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Each year on September 11, a memorial service is held honoring Staten Islanders who perished at the World Trade Center.

Thousands of people from all over the world lost their lives on that fateful day. Because so many Islanders took the Staten island Ferry each day to work at the World Trade Center, Staten Island lost a disproportionately large number of lives. It is a terrible legacy and Staten Island will Never Forget.

Staten Island: Lemon Creek Park Photography

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Bridge to Crab Island at Lemon Creek Park, Staten Island.  Background: Church of Joachim and St. Anne, Mount Loretto Unique Area, Staten Island.

 

I go to Lemon Creek Park to lose the world on what looks like a private island passed onto by a wooden bridge. The point where the creek lets out into Prince’s Bay is known as Crab Island. This is a waterfront spot for solitude, where you can pass from trees to lakes to beach without seeing a soul.  A few people from the neighborhood come at night after work to walk through this peaceful almost-island. I find that it most beautiful at night, when the only lights are from the houses across the bay. In the background, you can see the steeple of the old Church of Joachim and St. Anne, part of the Mount Loretto Unique Area campus.  The baptism scene of The Godfather was filmed on the Church’s steps.

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Princess Bay Boatmen’s Association – the old boathouse at Lemon Creek Park, in Prince’s Bay Staten Island.

 

Lemon Creek includes fresh water and salt water marshland that ends at the Bay, wooded areas, and wildlife that includes rare bird species like the purple martin colony.  Its waterfront area provides a spawning ground for many species of fish and shellfish.

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Sunset photography at Lemon Creek Park, in Prince’s Bay, Staten Island. 

Primarily a fishing village at first, Prince’s Bay oysters were so famous in the nineteenth century that “Prince’s Bay Oysters” could often be found on menus at the finest seafood restaurants in London, Paris, and New York. Local legend has it that a British prince, the Duke of Nassau (later William III,  co-reigned as William and Mary),  anchored a vessel in the bay at the foot of today’s Seguine Avenue, because he believed that the oysters had aphrodisiacal properties.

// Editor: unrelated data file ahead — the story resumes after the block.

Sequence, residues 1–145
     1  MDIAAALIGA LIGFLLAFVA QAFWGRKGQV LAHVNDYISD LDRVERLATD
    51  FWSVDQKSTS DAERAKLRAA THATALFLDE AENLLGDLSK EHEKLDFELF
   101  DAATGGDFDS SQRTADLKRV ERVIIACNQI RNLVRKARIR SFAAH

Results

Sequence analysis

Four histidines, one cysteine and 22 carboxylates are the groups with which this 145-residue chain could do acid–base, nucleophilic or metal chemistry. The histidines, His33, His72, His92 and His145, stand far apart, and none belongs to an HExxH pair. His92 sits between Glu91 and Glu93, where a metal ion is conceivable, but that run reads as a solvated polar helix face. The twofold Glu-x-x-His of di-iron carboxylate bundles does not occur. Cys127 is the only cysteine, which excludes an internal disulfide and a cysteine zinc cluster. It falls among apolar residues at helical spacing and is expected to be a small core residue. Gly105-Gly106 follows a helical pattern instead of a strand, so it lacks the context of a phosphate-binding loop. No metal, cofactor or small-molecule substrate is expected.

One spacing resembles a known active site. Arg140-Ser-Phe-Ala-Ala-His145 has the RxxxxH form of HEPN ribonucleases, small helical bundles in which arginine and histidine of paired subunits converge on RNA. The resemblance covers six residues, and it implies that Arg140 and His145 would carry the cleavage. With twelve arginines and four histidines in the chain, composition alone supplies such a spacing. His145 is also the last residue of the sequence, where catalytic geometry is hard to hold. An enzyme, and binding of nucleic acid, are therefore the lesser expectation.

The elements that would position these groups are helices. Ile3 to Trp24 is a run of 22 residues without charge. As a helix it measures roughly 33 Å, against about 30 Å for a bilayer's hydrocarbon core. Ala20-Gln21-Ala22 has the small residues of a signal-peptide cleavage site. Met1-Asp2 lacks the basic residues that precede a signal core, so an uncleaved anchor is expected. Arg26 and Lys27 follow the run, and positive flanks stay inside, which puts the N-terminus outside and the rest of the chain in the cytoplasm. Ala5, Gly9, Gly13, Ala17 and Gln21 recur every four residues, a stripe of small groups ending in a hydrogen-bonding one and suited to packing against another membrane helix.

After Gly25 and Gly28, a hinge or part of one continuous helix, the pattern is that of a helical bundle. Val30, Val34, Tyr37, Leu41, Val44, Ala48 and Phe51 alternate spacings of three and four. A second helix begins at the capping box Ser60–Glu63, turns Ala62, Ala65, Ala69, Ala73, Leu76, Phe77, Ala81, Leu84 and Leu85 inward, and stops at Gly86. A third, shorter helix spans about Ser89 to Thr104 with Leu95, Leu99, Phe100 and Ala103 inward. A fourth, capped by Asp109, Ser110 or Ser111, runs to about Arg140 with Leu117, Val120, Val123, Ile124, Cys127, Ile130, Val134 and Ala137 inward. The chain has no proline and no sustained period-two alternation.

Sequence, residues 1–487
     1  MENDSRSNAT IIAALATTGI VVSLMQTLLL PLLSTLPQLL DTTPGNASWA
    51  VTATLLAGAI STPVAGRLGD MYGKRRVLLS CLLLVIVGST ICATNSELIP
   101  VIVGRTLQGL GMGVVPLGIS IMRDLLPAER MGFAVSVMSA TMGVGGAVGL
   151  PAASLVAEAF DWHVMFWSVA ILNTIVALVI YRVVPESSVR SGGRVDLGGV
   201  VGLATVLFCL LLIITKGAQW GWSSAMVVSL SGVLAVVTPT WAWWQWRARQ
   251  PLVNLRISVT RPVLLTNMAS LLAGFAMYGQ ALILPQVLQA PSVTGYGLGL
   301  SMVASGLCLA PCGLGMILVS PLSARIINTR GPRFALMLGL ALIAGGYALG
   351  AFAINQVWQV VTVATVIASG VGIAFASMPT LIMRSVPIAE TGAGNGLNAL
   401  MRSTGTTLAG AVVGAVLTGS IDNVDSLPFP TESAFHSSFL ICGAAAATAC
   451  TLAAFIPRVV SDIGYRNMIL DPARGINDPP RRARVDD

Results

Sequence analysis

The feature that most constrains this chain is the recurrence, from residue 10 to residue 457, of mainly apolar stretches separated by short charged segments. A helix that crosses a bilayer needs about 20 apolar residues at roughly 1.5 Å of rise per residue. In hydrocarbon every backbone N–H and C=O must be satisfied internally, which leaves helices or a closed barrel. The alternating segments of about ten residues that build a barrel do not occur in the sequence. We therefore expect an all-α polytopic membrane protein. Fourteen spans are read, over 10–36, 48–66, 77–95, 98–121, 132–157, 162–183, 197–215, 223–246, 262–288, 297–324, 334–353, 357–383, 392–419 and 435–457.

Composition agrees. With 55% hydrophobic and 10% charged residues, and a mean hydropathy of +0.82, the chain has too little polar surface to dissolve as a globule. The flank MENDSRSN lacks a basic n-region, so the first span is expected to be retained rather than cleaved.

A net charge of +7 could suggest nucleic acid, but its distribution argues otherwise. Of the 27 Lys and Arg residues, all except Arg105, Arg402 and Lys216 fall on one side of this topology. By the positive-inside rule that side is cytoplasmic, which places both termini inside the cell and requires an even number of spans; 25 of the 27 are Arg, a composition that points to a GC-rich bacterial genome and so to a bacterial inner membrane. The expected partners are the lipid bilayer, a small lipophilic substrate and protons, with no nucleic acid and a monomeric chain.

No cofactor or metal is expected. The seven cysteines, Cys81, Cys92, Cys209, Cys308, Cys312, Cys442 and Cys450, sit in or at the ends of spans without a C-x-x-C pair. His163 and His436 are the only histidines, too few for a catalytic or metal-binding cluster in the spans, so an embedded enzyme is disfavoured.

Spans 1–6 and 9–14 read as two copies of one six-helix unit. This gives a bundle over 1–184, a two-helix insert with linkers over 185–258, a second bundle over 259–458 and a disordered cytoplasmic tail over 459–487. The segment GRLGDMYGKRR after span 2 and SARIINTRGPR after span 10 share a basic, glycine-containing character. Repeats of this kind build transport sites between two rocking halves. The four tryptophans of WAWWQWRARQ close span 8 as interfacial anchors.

Continue reading “Staten Island: Lemon Creek Park Photography”

Staten Island: Great Kills Park Photography

 

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Great Kills Beach at Great Kills Park, Staten Island is part of Gateway National Park Recreational Area.

 

The beach is tranquil, with shades of blue and green. I am nearly alone, as I begin to take photos. The only sounds are wind, water and the seagulls. The waterfront stretches out for 2 miles.  Later on, I walk through tree-lined paths to Crooke’s Point, which was once a private island.  Out in the distance, the Atlantic Ocean and Sandy Hook NJ.  When the sun begins to set, I turn towards the bay and the boat marina.

 

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The marina at Great Kills Harbor, Staten Island is the best place to watch the sunset.

Part of the National Park System (NPS), Great Kills Park, Staten Island is 580 acres of beaches, woodlands, and salt marshes.  There are walking trails, jogging and biking paths, sports fields, playgrounds, the swimming beach, fishing, nature trails, and a public boat launch. There is a model airplane field! Birdwatchers love this place, with its diverse habitats for numerous species of birds. Fishermen cast reels at the Crooke’s Point, the southerly tip of the beach area.

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Admiring the sunset at Great Kills Harbor, Staten Island.

Great Kills Harbor, located within the 580 acre park, is a man-made harbor. The harbor is a picture-perfect spot for boating, sailing, and glorious sunsets. The marinas, with more than 250 slips, attract boat owners from all over the east coast. Photography lovers like myself are drawn to Great Kills Park. Staten Islanders often pull in after work to connect with nature and watch the wild colors of the sunset.  

 

The Grottos of Mount Carmel Shrine

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Magical.

On a secluded street in the old town of Rosebank, the stone grottos of Our Lady of Mount Carmel sit in the yard of the Society of Mount Carmel lodge. It was designed and built by Italian-American lodge members, who were stone masons and laborers. Built as a memorial to a deceased child, the men used the only materials they had: concrete, stones, and metal. They inlaid their creation with seashells, marbles, and bits of glass picked up from streets. Could these artisans have imagined that their stone creation would one day be landmarked?

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Not to be missed, the grottos are a spectacular piece of Staten Island folklorica; a peaceful space where “All Are Welcome.”